It was October 31, 1517. Despite popular characterizations, it was merely a standard procedure for the young monk to post his debate proposal on the church door. By no means did he intend to start wars and create a permanent rift in the Body of Christ. It was simply the matter he took seriously the words he was being taught in his seminary classes about what really mattered in this world. Business as usual grated on his conscience. Nor was he alone in his complaints, so he hardly expected to become the lightening rod for institutional efforts to crush every dissenting voice.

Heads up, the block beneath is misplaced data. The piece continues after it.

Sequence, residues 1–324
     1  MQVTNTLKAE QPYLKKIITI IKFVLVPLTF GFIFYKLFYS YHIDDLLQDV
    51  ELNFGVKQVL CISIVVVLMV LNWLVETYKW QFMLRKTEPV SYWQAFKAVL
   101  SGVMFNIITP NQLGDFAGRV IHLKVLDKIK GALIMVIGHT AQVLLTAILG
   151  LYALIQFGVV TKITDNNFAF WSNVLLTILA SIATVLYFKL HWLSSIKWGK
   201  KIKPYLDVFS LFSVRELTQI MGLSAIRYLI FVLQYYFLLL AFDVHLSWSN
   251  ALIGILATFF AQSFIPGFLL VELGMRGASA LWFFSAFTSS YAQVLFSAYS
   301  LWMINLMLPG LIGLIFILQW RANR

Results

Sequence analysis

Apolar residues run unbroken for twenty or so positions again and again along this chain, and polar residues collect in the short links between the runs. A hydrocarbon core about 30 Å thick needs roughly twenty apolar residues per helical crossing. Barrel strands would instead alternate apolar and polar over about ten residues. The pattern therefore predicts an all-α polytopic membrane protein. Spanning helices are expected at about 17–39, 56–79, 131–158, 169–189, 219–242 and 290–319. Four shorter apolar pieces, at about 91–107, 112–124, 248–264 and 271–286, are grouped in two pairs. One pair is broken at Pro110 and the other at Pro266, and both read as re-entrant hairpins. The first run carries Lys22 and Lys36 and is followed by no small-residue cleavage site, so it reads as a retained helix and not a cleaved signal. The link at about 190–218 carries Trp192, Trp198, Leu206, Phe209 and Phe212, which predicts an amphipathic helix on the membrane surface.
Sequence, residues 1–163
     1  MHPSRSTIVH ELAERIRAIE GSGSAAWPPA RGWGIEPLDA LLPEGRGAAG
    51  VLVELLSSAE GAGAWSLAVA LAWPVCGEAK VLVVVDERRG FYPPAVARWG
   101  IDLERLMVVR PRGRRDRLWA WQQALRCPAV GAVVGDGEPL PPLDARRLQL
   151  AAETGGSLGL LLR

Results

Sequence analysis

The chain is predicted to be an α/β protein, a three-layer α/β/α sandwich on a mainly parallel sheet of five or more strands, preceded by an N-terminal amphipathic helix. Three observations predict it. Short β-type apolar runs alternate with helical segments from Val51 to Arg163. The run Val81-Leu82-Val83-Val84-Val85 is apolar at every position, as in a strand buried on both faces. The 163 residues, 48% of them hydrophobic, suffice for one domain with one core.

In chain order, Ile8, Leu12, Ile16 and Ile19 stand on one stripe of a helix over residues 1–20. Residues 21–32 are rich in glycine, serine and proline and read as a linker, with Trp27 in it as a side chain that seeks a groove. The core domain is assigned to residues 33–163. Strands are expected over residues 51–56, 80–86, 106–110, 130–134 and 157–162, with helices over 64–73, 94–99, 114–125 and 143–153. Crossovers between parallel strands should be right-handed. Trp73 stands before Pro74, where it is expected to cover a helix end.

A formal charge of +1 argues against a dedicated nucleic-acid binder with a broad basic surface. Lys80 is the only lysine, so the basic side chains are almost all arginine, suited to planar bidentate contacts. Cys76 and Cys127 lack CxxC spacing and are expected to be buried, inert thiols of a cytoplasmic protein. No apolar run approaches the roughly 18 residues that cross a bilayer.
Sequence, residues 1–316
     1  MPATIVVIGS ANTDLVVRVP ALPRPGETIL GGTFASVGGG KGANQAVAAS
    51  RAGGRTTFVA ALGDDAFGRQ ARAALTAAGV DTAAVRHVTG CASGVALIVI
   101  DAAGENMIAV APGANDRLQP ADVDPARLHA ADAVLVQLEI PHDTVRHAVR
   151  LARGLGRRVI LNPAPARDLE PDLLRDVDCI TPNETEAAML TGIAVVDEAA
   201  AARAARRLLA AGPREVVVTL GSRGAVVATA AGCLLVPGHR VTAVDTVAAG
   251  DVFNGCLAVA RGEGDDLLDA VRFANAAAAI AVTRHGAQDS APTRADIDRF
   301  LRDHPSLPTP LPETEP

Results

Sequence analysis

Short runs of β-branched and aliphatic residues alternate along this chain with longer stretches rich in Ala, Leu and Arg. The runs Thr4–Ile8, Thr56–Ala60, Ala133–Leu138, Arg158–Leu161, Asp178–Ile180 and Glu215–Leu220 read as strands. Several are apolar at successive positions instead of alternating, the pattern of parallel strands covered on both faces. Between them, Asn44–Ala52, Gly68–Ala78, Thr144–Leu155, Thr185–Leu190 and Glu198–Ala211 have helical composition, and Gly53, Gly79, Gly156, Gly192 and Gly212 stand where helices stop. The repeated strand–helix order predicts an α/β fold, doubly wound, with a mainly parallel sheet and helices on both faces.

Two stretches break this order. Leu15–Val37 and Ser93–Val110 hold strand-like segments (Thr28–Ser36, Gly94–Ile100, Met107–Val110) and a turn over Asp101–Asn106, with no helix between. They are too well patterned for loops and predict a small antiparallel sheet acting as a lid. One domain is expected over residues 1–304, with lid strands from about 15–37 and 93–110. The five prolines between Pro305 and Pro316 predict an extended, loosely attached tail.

It sounds like some kind of New York Times Best Seller’s list political thriller – perhaps a massive conspiracy by former Soviet KGB officers backed by financiers and powerbrokers on the Trilateral Commission to create a new world government. But “A regime unknown to us,” in the language of John Polkinghorne, is not talking about a political intrigue, but something even more intriguing: the idea of an unknown (and, maybe, unknowable) realm of science: the science of God.